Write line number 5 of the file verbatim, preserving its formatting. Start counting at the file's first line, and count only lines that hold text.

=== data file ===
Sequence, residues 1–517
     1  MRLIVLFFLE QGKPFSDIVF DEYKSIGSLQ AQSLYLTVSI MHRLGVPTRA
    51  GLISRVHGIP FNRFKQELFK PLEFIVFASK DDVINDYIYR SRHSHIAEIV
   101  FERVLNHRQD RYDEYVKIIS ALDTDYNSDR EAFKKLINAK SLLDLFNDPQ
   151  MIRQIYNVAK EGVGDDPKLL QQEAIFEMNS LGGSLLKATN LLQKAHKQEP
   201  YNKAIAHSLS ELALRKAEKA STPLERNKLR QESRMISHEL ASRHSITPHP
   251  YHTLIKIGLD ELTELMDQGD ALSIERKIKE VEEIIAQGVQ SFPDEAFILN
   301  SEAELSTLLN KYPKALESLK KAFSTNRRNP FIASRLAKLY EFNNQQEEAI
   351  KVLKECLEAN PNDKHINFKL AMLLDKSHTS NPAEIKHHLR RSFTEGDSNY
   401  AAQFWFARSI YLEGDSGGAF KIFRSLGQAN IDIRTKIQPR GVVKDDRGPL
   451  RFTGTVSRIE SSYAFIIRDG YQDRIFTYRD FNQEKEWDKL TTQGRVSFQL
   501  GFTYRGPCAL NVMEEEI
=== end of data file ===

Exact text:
   151  MIRQIYNVAK EGVGDDPKLL QQEAIFEMNS LGGSLLKATN LLQKAHKQEP